To the PB's point, the narrow concern about governmental involvement is around the question of legislating away access to abortion services. This may be one moral situation where a direct legislative approach has unintended consequences that do more harm than good. An indirect approach – tackling the roots of poverty, societal stresses that break down the family, acting to address environments at all levels that leave women vulnerable to exploitation and abuse, providing access to contraception, adoption services, etc., may be more effective together at preventing unwanted pregnancy and offering robust alternatives in many cases to abortion.

I use the word "may" deliberately because, of course, our tradition allows and even embraces disagreement about many complex moral issues, even issues where the Church has made official statements.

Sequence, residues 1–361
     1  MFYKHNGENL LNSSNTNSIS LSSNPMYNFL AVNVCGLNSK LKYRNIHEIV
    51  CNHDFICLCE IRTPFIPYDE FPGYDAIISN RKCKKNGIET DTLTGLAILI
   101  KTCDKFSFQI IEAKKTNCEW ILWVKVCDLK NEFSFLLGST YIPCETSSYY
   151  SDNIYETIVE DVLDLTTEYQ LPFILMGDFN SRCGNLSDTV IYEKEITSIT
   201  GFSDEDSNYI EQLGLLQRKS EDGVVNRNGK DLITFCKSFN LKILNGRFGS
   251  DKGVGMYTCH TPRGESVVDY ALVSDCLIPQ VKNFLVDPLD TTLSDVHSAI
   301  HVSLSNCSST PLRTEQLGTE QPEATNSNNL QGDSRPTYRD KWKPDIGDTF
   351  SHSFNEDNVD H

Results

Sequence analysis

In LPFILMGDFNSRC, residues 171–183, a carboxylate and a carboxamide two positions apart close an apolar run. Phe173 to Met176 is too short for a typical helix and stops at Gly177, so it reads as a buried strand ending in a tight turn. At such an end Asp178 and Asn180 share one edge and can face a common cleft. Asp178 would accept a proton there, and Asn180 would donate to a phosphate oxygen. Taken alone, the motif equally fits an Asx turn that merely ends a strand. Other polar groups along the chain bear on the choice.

For the record:

"All human life is sacred from its inception until death. The Church takes seriously its obligation to help form the consciences of its members concerning this sacredness....We regard all abortion as having a tragic dimension, calling for the concern and compassion of all the Christian community. While we acknowledge that in this country it is the legal right of every woman to have a medically safe abortion, as Christians we believe strongly that if this right is exercised, it should be used only in extreme situations. We emphatically oppose abortion as a means of birth control, family planning, sex selection, or any reason of mere convenience."-69th General Convention 1998

"Resolved, That this 71st General Convention (1994) of the Episcopal Church express its unequivocal opposition to any legislative, executive or judicial action on the part of local, state or nation governments that abridges the right of a woman to reach an informed decision about the termination of pregnancy or that would limit the access of a woman to safe means of acting on her decision."-71st General Convention 1994